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Md. Family Files Lawsuit Over Listeria Death

BALTIMORE (WJZ)– One kind of produce, from one farm, proves dangerous for dozens across the country. One person in Maryland has already died from listeria in cantaloupe.

WJZ speaks exclusively with that man’s family.

Meghan McCorkell has their powerful message.

The family of Clarence Wells has filed a civil suit against the farm where the listeria outbreak originated. But, when they sat down exclusively with WJZ Friday night, they said nothing can bring their father back.

Clarence Wells, 87, survived the depression and combat during World War II. Now, his family is baffled that a bite of breakfast may be what killed him.

“The numbers just have me in complete awe that there are a million and a half cantaloupes, and my father is one that ate the cantaloupe,” said Donna Lloyd, Clarence Wells’ daughter.

Lloyd knew something was wrong when her dad gained nine pounds in days. They rushed him to the hospital. Six days later, he died.

Bill Wells remembers his last moment with his dad.

“‘I’ll see you tomorrow and rest well,'” he said. “And that’s when he passed, later that night.”

Weeks later, they found out their father tested positive for listeria. The DNA matches the cantaloupe outbreak.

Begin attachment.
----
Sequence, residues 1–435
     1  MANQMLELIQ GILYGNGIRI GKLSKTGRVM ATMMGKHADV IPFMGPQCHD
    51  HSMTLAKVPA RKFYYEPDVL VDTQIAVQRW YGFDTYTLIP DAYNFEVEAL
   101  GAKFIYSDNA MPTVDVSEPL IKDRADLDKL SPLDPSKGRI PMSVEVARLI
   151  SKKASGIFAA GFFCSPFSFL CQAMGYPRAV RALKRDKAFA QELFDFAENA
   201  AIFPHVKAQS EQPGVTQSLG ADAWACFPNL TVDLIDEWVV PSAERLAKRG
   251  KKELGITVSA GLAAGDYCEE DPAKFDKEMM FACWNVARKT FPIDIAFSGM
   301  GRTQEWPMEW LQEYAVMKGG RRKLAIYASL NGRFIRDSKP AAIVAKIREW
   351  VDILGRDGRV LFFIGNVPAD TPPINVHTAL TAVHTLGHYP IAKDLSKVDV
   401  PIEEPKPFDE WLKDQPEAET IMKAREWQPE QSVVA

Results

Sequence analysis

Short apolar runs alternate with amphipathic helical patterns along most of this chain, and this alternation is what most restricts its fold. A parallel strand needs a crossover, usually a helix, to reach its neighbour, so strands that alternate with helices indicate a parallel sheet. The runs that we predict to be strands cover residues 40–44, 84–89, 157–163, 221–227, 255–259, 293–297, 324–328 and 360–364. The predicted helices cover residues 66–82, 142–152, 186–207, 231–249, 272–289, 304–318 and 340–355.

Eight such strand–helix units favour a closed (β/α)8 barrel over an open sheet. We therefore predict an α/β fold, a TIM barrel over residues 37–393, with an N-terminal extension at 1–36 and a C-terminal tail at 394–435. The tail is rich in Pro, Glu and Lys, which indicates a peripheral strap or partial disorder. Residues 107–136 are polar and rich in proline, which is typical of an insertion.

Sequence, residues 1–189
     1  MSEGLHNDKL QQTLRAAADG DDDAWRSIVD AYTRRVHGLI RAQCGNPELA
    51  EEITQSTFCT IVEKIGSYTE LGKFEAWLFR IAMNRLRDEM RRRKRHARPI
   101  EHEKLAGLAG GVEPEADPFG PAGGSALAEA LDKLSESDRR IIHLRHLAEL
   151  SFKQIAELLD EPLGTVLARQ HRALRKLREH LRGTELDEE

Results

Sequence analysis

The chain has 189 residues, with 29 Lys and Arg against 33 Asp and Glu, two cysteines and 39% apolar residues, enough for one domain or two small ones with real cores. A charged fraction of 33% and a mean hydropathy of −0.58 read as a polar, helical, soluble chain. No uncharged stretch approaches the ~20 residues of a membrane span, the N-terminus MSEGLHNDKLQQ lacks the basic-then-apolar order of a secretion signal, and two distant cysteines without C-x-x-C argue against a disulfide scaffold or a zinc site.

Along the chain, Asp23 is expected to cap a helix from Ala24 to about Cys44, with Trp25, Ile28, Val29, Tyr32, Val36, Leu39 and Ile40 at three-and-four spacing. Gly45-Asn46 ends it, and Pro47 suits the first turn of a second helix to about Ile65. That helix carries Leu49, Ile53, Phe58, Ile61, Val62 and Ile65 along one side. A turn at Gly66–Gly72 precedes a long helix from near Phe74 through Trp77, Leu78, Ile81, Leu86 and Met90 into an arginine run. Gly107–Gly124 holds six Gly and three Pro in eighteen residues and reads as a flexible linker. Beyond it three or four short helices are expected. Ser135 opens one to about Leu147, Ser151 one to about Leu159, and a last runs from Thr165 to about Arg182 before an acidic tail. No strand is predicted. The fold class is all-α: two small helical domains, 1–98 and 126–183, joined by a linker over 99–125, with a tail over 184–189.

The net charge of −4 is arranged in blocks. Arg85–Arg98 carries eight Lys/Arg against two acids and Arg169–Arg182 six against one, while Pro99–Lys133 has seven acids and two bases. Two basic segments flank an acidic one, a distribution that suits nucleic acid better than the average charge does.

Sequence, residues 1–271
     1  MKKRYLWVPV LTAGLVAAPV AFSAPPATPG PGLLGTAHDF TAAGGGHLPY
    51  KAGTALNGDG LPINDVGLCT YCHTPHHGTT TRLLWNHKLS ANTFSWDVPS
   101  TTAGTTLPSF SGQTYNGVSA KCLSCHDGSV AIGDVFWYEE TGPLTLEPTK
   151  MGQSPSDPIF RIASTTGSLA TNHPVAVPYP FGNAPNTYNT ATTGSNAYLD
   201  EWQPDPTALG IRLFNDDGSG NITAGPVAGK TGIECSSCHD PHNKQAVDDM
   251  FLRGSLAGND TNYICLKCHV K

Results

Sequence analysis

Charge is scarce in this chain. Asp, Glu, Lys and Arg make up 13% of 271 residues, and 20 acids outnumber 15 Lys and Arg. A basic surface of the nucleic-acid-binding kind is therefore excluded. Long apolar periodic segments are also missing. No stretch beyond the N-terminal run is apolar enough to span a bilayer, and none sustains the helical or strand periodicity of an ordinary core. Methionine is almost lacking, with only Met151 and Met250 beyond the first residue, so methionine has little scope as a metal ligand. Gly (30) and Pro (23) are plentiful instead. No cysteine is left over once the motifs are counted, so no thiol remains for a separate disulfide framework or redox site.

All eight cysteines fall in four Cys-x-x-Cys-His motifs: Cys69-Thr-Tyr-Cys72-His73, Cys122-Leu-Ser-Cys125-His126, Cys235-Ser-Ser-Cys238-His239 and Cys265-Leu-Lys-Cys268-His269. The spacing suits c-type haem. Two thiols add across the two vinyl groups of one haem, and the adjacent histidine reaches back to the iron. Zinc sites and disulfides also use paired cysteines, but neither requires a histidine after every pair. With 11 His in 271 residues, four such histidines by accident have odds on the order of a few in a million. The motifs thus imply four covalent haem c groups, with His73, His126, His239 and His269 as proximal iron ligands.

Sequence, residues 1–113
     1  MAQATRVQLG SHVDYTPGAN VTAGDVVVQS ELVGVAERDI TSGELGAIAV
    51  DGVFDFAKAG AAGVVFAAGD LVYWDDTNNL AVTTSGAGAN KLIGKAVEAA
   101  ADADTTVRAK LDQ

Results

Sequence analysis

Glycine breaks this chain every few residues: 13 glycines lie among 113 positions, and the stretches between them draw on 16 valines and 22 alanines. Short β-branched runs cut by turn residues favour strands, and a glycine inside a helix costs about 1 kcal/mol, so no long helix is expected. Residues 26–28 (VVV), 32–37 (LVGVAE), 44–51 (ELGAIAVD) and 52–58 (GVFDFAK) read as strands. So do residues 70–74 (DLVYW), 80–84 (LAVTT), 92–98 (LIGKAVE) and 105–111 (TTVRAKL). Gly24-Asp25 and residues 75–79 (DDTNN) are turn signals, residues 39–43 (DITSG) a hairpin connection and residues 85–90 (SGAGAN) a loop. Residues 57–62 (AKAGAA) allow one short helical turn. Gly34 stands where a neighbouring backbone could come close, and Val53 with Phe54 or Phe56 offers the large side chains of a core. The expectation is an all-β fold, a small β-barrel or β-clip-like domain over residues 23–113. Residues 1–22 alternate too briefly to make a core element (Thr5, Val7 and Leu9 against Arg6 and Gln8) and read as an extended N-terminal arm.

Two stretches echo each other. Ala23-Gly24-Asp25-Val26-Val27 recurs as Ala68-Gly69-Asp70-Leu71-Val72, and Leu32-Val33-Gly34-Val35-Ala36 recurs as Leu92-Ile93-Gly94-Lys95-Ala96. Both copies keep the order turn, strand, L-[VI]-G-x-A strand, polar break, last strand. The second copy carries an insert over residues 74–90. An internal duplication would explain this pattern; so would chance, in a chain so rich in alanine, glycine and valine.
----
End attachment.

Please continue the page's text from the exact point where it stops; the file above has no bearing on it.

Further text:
“I was kind of dumbfounded. What does this mean? I don’t know what this means,” Bill Wells said.

Wells is one of 17 deaths now potentially linked to the cantaloupe contamination, and the CDC says that number could go up.

“The first couple of weeks, I couldn’t sit at the table and have breakfast because he wasn’t sitting there,” Lloyd said.

The Wells family is part of a civil suit against Jensen Farms, the source of the outbreak. By taking action, they hope they can prevent another family from going through the same pain.

“It would give a bit of meaning to his passing away, if we could help somebody not get sick,” Lloyd said.

Listeria cases linked to the cantaloupes have now been reported in 19 states. Several other families have also filed lawsuits against Jensen Farms.

Jenson Farms is not commenting about the outbreak due to the pending litigation.

More from Meghan McCorkell

One Comment

  1. Chrissy Mad Anderson says:

    You guys really need an editor. The grammatical errors are atrocious and I’m not sure if that spokesperson’s statement about “1 in 5” is actually what they said, and if it is, well, they need to be fired. It should be on average only 1 in 5 die, not only one can.

  2. Todd Zeigler says:

    I can only imagine the family feels for the loss of their loved one, but can someone explain to me what suing for big cash solves…peace of mind or a new vacation home? I don’t get it.

  3. sheriff says:

    All of us are at risk every day because there are not enough FDA inspectors looking out for tainted meat, poultry vegetables & fruits. During the Reagan & Bush years government was lobbied to have inspections done in house by the packers & growers. Kinda like having the fox watch the henhouse. Bring back the inspectors that were terminated or this will continue.

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